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Combatting Food-Waste-Related Emissions in Santa Cruz


Dimeo Lane Resource Recovery Center is a bustling hub where trash is transformed through a remarkable process. A dedicated team of three navigates the challenges of backing up a trash truck onto the Food Scrap Pre-Processor's narrow ramp. The truck unloads its contents into the processor, initiating a conversion that yields a brown mash resembling a unique blend of applesauce. Leslie O'Malley, the waste reduction program manager for the City of Santa Cruz, humorously explains that mixing all the colors of the rainbow results in brown.

The Food Scraps Recovery Program, operational for nearly a year, is a response to the SB1383 mandate to reduce organic waste by 75% compared to 2014 levels by 2025. This reduction is critical for curbing greenhouse gas emissions, with landfill methane and food scraps being the third-largest contributors.

Every week, an astonishing 33 to 40 tons of raw food scraps arrive at the facility from commercial and residential units in Santa Cruz. After undergoing pre-processing, the material continues its journey in tanks aboard another truck to Sustainable Organic Solutions in Santa Clara, where it is transformed into animal feed. O'Malley clarifies that the waste is not pig slop, but rather processed into pellets for animal consumption, with some portions utilized for biodiesel and fertilizer production.

Unlike nearby Watsonville, which combines food scraps with yard waste and transports it to an industrial composter in Marina, Santa Cruz has chosen a different approach. The city utilizes the food-scrap processor to minimize the carbon footprint associated with transportation. O'Malley explains that commingling yard waste and food scraps would have required seven trucks a day to Marina solely for that purpose, adding the complexity of collecting recycling and garbage. With the current system, Sustainable Organic Solutions collects the waste every ten to fourteen days.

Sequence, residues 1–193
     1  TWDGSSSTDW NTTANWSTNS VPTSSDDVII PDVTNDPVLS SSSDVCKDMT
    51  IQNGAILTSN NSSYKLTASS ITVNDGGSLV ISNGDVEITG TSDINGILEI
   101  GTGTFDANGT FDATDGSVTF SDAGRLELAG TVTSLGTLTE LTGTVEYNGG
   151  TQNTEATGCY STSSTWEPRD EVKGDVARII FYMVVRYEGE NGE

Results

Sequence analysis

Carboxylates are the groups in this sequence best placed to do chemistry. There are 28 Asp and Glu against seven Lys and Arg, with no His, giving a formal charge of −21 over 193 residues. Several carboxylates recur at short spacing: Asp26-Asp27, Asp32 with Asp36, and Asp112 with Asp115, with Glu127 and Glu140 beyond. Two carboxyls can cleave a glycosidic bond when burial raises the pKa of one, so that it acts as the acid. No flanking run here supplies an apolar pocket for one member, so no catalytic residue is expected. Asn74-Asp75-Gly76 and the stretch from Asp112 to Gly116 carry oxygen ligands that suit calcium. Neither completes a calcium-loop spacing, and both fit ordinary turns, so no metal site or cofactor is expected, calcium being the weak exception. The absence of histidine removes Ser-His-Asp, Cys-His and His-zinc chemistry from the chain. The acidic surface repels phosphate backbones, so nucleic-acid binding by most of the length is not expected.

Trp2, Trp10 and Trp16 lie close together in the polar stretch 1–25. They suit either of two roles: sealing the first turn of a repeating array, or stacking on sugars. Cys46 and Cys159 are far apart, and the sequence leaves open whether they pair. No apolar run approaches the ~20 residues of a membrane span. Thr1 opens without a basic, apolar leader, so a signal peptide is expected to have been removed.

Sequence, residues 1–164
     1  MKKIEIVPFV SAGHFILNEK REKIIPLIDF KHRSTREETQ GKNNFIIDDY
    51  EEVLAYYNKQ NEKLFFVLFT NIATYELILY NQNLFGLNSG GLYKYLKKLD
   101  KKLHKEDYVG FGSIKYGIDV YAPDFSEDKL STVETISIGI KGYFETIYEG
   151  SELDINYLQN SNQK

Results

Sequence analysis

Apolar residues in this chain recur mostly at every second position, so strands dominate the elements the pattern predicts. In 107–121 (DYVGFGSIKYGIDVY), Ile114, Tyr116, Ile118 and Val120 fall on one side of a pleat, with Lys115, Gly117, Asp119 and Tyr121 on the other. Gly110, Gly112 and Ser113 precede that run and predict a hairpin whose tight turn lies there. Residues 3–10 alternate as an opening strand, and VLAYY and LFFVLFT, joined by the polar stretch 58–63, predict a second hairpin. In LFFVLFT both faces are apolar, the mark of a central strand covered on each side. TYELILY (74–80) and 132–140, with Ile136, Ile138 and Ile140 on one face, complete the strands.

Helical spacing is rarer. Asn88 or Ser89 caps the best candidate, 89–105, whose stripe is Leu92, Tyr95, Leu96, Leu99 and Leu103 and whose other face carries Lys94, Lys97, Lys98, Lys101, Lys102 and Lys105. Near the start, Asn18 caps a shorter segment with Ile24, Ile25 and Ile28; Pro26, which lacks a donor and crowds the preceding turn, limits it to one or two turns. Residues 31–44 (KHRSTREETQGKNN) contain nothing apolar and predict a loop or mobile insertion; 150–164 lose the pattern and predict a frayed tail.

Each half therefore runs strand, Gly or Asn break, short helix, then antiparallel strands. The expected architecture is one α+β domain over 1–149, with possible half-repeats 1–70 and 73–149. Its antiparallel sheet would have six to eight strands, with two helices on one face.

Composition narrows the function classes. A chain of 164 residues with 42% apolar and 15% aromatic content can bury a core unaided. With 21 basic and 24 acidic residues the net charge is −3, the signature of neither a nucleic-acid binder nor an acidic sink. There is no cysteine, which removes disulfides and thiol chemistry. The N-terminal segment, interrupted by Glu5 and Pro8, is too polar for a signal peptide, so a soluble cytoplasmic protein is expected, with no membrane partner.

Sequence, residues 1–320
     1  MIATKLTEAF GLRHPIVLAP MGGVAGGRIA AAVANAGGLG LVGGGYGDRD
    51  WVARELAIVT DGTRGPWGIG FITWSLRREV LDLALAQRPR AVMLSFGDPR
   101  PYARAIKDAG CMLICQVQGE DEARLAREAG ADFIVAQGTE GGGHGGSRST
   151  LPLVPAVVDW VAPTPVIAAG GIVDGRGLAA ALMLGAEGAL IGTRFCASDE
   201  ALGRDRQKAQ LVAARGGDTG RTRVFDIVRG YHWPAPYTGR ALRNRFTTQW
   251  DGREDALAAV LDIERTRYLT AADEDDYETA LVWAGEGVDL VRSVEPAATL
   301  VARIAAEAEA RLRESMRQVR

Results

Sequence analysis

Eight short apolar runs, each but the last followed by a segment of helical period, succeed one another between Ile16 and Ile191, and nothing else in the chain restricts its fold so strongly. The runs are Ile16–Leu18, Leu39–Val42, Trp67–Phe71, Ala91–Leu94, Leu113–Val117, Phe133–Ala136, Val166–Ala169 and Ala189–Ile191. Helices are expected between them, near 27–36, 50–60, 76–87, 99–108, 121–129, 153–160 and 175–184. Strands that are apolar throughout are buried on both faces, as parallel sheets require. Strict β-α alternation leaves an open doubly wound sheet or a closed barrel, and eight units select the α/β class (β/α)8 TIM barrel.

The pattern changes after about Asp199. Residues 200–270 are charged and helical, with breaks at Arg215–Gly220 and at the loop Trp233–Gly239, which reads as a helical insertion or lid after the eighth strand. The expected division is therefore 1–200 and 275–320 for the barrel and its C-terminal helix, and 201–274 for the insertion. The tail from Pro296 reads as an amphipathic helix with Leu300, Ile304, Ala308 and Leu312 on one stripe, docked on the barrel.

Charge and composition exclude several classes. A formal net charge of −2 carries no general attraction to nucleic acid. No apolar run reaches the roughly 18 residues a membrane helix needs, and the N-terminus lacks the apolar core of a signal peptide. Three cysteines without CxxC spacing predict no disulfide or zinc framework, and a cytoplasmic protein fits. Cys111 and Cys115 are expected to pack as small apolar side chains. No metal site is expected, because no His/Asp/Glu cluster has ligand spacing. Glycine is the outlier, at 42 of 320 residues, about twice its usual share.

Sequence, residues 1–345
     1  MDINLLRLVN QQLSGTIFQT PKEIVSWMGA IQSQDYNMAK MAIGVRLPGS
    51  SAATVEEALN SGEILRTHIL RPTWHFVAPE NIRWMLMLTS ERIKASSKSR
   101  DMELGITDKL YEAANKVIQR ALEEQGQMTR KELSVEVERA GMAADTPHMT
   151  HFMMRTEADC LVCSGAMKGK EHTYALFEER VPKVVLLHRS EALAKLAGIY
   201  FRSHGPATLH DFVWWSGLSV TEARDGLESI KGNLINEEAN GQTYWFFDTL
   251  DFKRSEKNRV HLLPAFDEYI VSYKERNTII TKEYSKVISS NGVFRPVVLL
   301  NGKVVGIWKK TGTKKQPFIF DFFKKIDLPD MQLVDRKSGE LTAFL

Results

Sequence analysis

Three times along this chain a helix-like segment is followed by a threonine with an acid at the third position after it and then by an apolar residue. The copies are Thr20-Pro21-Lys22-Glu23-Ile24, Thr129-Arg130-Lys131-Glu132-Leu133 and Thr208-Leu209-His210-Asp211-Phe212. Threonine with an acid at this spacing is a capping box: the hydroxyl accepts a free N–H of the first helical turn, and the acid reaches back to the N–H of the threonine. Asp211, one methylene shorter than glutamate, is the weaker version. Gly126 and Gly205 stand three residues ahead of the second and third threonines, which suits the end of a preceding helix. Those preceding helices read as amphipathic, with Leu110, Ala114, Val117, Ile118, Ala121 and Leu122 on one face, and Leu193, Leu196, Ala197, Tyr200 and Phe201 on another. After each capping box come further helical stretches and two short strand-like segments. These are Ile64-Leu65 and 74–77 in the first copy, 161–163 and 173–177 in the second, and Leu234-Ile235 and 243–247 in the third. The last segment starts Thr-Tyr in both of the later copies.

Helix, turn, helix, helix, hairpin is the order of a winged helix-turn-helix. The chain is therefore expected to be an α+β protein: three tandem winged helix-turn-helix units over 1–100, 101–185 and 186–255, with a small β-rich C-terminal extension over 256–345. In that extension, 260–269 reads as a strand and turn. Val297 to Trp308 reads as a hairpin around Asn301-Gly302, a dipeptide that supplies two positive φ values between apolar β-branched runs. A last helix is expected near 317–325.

Furthermore, the food scraps processor paves the way for a future transition to a localized solution—digesting the food waste at Santa Cruz's Wastewater Treatment Facility. O'Malley envisions incorporating food waste digestion and energy capture in the city's own "waste-shed," considering the facility's proximity within six to ten miles of the processor.

However, challenges persist. John Lippi, a former sanitation supervisor overseeing operations at the Resource Recovery Center, faces ongoing issues. Plastic bags, both conventional and compostable, frequently entangle the machinery, causing disruptions. Lippi emphasizes the need to avoid their usage to ensure smooth machinery operations. Maintaining the optimal moisture content in the mash also poses a concern, requiring meticulous monitoring and occasional adjustments using agricultural material.

Santa Cruz has implemented an extensive outreach program to educate residents about the system. Last August, single-family homes received postcards explaining food scraps collection, along with six-gallon brown pails for convenient participation. Implementing the program in multi-family residences presents additional complexities. Residents in buildings with five or more units coordinate with property managers, who then arrange for counter-top pail collectors and central food scrap collection containers in collaboration with the city. Additional staff members have been hired to streamline enrollment for over 400 multi-family residences in Santa Cruz.

The success of achieving the 75% reduction goal will be evaluated through a Waste Characterization Study, categorizing and measuring waste in representative trash truck loads by third-party contractors. Despite challenges and occasional reassessment, O'Malley remains optimistic about the dedication and momentum in meeting the SB1383 targets.

While the Food Scraps Recovery Program is a positive step, O'Malley emphasizes prevention as the most effective means of combating food-waste-related greenhouse gas emissions. She urges individuals to reconsider their relationship with food, shifting from reliance on disposal methods to reducing food waste at its source. O'Malley advocates for the three Rs of Reduce, Reuse, and Recycle, emphasizing the importance of working together to make a significant impact.

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